"Isolation in prison isn't a thing because it's good for the person in isolation. And, at least they have their meals brought to them. Humans are social creatures and always have been. For example, solitary confinement can have negative psychological effects on prisoners – including significant increases in anxiety and panic attacks, increased levels of paranoia, and being less able to think clearly.
Many prisoners also report long-term mental health problems after being held in isolation."
According to Mayo Clinic, social isolation and loneliness are associated with a greater risk of poor mental health and poor cardiovascular health, as well as other health problems.
According to ScienceAlert.com, they're also more likely to feel depressed and may have problems processing information. This, in turn, can lead to difficulties with decision-making and memory storage and recall.
People who are lonely are also more susceptible to illness. Researchers found that a lonely person's immune system responds differently to fighting viruses, making them more likely to develop an illness.
But some people who have faced the challenge of being alone for an extended period of time may show personal growth – including emotional growth, feeling closer to family and friends, and having a better perspective on life – as a result of their experience. And some people in experience a greater appreciation for people and life, better attention and focus, and overall feeling happier than before upon coming out of isolation.
How to Build a Good Team
Build trust and respect. Nurture a team-oriented environment based on trust and respect, without which there will only be limited success.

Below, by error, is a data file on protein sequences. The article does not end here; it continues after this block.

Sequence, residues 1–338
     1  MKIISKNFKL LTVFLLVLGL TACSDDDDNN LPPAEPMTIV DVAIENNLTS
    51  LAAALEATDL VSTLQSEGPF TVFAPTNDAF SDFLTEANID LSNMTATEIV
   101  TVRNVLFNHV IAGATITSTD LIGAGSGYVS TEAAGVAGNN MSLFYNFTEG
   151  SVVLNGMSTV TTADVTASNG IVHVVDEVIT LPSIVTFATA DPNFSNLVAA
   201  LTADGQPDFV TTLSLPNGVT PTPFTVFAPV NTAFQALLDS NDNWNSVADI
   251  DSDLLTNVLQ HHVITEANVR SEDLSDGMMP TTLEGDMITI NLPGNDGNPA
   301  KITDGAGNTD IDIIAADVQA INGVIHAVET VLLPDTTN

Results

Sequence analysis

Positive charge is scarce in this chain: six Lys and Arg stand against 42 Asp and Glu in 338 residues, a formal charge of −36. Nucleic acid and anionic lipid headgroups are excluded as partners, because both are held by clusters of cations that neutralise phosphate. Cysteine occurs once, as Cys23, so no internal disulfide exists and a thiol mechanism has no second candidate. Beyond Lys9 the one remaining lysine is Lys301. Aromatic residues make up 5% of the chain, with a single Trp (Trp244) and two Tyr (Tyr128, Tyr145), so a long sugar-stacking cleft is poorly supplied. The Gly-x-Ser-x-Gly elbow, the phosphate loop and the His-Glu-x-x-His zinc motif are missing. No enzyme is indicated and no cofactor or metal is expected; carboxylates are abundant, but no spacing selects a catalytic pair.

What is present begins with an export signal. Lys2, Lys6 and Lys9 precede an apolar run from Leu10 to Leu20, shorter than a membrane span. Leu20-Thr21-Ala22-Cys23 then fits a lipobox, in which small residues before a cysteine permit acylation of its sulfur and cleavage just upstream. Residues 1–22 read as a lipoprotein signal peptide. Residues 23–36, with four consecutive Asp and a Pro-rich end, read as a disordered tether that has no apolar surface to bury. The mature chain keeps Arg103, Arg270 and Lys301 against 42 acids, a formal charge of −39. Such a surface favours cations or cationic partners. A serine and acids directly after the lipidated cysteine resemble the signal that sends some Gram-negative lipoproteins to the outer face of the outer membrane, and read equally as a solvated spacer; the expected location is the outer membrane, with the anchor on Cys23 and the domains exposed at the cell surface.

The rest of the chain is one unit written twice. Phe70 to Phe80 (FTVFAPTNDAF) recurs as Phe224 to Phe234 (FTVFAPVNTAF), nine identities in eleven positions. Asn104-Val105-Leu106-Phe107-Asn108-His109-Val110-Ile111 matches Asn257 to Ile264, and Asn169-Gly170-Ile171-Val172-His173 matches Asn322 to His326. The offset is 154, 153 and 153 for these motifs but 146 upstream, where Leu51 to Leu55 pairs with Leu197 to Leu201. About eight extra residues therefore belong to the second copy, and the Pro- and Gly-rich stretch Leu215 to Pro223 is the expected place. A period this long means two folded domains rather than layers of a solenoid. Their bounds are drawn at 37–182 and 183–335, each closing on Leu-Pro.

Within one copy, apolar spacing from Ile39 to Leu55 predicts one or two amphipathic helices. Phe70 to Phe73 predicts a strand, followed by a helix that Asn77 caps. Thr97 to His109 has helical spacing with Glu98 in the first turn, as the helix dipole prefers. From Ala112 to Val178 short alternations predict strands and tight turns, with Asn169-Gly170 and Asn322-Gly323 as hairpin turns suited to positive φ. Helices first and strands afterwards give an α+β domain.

Be true to your word. If you demand high productivity and quality work, you'd better be as good as your word. You get what you give. If you promise to do something, be sure you will fulfill it. When team members notice that you are a reliable person, they will emulate your behavior.
Create an environment that supports team bonding. If you want to improve teamwork, help people get to know each other better. Organize in-person get-togethers as often as is realistically possible.
Take advantage of conflict. There are no teams exempt from occasional misunderstandings. Somewhere, somehow, conflict will show up. When a confrontation between people gets out of hand, it must be dealt with. Don't complicate the situation by deciding what is good or bad. Listen to all sides carefully and then talk to others who may provide insight. Brainstorming solutions favorable for both sides may even result in ideas that would never have come to mind without the conflict. It does not mean that confrontations are good, it just means that they make people think about two points of view of the matter. More points of view mean more possibilities.
Make adding new people to your team a group effort. If you want to bring a new person in, talk it over with your current team. Set up opportunities for everyone to get to know one another. Remember, when it comes to preparedness experience, skills and qualifications are important. And the most important qualities for the team are always personality and social skills that are in alignment with your values. With regards to trust and respect, we talked about earlier, it's our personalities and ability to work together through good times and bad that is most important The ability to effectively communicate within the team is what makes the team great. On the other hand, just looking to add people into your circle of trust-based skills can totally upend the apple cart. Not everyone with a resume is a good fit!
Never forget, you’re just one prep away.
If you have any other thoughts or questions about social isolation mindset, please leave a comment below.
Stay safe, secure and prepared,